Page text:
Abortion and the cash crux

Abortion and the cash crux.

A British-based group is assisting Irishwomen in need of material help who are travelling for abortions in the UK, writes CAROL RYAN

‘THERE IS this belief that if you make abortion against the law you stop abortion, but you don’t. All you do is you make it inconvenient for women and couples that have financial resources and you make it desperate for women and couples who don’t.”

American mother-of-one Mara Clarke is the founder of Abortion Support Network (ASN), a London-based organisation that offers finance and accommodation to Irish women travelling to the UK for an abortion.

ASN was set up in 2009, inheriting the work of a grassroots network called the Irish Women’s Abortion Support Group that operated in the early 1980s. She is scathing about the burden that Ireland’s abortion laws put on women with little or no money. The cost of an abortion in the UK, before factoring in travel and accommodation costs, varies from €400 to €1,600, depending on how far along the woman is in her pregnancy. “We are here to bring a little bit of equality to abortion access. Women with money have options . . . we help the women who the only thing standing between them and ending an unplanned pregnancy is money.”

Eve (not her real name) had a crisis pregnancy last October and contacted ASN seeking their help to cover part of the cost of an abortion. After receiving money, she travelled to a clinic in Liverpool in November. “Irish women have to worry about the cost of flights; if you have to stay overnight you need to pay for accommodation, the cost of the procedure, and if you have children already you have to worry who is going to mind them for the day. It makes things much harder . . . I had to borrow from a moneylender with a ridiculous amount of interest,” she says.

ASN says it gave money in June to a couple who already had a large family and were facing an unplanned pregnancy. They explained that under normal circumstances they would have continued with the pregnancy, but decided to have an abortion because they were undergoing financial hardship since the husband had lost his job.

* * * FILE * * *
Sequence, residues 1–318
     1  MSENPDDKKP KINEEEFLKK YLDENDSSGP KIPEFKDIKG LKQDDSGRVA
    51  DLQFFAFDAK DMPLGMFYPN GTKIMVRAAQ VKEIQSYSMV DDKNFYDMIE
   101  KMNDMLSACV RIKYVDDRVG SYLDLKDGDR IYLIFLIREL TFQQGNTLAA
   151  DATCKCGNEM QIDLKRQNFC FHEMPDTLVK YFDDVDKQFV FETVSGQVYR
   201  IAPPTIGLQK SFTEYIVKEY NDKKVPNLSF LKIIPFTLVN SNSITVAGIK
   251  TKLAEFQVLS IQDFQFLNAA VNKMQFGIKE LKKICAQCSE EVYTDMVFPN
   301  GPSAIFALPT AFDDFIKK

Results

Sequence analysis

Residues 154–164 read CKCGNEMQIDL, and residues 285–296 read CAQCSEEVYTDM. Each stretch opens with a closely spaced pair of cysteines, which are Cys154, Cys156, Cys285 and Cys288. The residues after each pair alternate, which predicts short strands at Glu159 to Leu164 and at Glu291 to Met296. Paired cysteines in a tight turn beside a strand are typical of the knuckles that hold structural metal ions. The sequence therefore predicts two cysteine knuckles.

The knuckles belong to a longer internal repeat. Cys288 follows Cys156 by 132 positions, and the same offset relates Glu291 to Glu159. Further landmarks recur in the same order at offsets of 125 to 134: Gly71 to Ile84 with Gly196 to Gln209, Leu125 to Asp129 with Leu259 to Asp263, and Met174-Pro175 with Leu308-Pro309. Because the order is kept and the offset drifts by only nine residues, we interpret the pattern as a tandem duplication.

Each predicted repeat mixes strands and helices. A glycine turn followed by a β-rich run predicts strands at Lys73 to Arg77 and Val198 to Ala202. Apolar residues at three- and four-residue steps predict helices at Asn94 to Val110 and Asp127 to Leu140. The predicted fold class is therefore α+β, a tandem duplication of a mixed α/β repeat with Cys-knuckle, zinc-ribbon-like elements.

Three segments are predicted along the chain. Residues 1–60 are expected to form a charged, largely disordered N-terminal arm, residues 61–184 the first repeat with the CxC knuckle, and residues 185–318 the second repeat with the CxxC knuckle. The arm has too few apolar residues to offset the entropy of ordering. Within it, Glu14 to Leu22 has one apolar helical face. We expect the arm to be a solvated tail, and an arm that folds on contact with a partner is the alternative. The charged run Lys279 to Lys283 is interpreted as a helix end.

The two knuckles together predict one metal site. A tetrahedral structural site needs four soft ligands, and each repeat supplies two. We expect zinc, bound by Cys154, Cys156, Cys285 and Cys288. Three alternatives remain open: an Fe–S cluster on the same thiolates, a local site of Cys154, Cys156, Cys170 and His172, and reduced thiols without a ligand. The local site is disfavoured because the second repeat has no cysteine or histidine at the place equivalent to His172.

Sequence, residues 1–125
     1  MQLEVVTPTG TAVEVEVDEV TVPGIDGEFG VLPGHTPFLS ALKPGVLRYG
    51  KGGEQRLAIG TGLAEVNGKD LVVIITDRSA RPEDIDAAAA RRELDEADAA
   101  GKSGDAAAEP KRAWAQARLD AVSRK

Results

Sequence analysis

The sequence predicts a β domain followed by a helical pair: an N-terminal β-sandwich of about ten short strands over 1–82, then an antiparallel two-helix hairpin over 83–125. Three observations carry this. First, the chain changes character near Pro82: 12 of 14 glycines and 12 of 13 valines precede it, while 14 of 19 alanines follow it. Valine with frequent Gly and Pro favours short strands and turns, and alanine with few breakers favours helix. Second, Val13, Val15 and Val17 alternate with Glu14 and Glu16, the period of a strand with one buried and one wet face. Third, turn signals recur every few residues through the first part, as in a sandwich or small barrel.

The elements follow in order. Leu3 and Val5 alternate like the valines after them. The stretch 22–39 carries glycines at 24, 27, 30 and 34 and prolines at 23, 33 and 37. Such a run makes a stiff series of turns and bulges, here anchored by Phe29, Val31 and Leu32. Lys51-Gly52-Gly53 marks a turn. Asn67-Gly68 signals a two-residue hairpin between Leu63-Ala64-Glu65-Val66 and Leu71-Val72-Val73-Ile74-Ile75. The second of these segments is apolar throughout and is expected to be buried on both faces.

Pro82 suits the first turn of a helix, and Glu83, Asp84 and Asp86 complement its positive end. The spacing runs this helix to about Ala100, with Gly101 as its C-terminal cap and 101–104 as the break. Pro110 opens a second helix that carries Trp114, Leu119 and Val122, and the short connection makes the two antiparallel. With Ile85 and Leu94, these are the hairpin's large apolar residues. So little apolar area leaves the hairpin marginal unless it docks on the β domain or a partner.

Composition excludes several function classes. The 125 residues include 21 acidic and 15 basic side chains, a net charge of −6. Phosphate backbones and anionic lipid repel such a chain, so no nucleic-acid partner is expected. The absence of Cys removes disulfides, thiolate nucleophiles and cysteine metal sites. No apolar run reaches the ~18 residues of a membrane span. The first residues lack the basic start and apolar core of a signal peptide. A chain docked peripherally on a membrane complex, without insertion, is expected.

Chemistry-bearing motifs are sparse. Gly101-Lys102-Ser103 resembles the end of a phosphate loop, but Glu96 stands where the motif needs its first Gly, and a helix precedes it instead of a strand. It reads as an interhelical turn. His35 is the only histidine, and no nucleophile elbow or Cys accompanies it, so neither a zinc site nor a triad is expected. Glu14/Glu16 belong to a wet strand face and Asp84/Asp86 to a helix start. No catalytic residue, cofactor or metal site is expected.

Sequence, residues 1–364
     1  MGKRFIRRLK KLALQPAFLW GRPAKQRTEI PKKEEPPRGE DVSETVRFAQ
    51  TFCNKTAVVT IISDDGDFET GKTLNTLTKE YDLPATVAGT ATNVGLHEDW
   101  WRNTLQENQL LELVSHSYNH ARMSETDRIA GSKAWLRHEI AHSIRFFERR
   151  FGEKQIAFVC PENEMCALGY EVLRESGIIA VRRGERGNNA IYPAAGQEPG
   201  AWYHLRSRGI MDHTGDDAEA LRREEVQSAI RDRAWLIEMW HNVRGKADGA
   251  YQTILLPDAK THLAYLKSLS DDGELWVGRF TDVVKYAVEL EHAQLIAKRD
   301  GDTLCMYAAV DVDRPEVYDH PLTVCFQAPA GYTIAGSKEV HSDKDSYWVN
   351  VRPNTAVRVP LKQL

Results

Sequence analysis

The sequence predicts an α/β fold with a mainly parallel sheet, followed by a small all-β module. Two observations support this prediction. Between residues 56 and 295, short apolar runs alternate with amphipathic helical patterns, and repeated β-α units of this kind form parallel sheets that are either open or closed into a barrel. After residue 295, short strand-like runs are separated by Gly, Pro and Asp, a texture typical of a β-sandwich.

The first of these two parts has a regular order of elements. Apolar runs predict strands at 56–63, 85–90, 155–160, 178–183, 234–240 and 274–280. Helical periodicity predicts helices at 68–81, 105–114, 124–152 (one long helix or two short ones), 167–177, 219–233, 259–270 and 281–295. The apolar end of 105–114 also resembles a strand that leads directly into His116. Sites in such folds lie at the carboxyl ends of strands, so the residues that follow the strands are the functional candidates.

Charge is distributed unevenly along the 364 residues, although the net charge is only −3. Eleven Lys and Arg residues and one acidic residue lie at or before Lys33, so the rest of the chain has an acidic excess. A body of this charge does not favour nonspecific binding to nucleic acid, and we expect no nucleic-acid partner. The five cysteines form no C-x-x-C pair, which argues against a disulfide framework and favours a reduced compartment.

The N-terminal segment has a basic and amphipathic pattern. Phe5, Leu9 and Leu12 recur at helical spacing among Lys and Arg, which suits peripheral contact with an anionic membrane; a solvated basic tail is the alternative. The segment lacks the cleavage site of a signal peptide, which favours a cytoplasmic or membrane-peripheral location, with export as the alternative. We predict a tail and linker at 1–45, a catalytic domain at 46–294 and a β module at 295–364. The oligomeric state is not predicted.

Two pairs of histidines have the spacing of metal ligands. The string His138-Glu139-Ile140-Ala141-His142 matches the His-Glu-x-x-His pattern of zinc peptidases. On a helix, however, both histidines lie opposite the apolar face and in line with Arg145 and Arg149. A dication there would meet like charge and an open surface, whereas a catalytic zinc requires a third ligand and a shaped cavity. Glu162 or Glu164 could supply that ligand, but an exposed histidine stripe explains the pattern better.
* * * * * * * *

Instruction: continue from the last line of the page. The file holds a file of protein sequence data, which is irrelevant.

Another young couple who recently contacted the network had been trying to raise money for an abortion for months. By the time they had saved enough they found they had been pushed into the next price bracket, and the woman was almost at the legal limit of 24 weeks.

ASN’s “abortion fund” is, unsurprisingly, controversial. Unlike in the US where hundreds of similar networks have been set up to give women without health insurance access to safe abortion, ASN is the only fund of its kind in Europe, and the only network offering help specifically to Irishwomen. Online comments about it range from claims it “encourages the damaging of families, the killing of children, [and] encourages young people to engage in casual sex”, to praise for the work of a “fantastic organisation”.

Asked to comment on the work of ASN, spokesperson for The Life Institute Niamh Ui Bhriain said: “It is sad that if people are going to put time and money into a crisis pregnancy situation that they wouldn’t try to protect both human lives involved. I wouldn’t like to think [ASN] put ideological beliefs ahead of what is best for women in these situations, or that to them the right to have an abortion is more important than what is right for the woman involved.”

She says there are anti-abortion groups offering practical help to women facing unplanned pregnancies. “People need to know that there are organisations like Life and Freya Care who will help women to have their babies. [Freya Care] recently counselled a woman who didn’t have any money and was very panicked, very fearful. Phone calls were made and one woman in the midlands who runs a baby shop sent up a brand new cot. Other people sent money or baby clothes and she got through it. That kind of thing happens a lot under the radar but it doesn’t get commented on.”

Demand for ASN’s service now outstrips the amount of money they have to give. Figures released by the Department of Health in Britain show the number of Irish women travelling to the UK for abortions has fallen for the 10th year in a row from a peak of 6,673 in 2001 to 4,149 in 2011. However, calls to ASN have tripled since 2009, perhaps due to financial pressures caused by the recession. “We constantly hear ‘unemployed’, ‘recession’, ‘benefits’ and ‘can’t find work’,” says Clarke. “In our first year we were hearing from five women a month, in our second year we were hearing from 17 and in our third year we are averaging 28 to 30 women a month.”

ASN is a registered charity and relies on public donations which come in from individuals in Ireland, England, Sweden, Germany, America, Canada, France and Mexico. Thirty volunteers are involved in running the network. They act as hosts, putting women up in their homes when they come over for an abortion, and they also work shifts answering calls on the organisation’s helpline.

Gillian Ni Cheallaigh is one of two Irish women volunteering with the network. She had an abortion in 1995 while a student and says that while it was the right decision, having to travel to Britain made the experience “more traumatic than it needed to be”. She has lived in the UK for several years and got involved with the network when it was set up in 2009.

“I felt this was a practical way to offer support. I know Irish society and how difficult it can be for anyone to talk about abortion . . . I thought that I could offer a balance to that. I feel very strongly that it is only when Irish women who have had abortions start speaking out and naming themselves that there is any hope of Irish society realising that abortion is something that happens to women they know all the time.”

If you want to donate to the Abortion Support Network this is how: http://www.abortionsupport.org.uk/support-us/donate/

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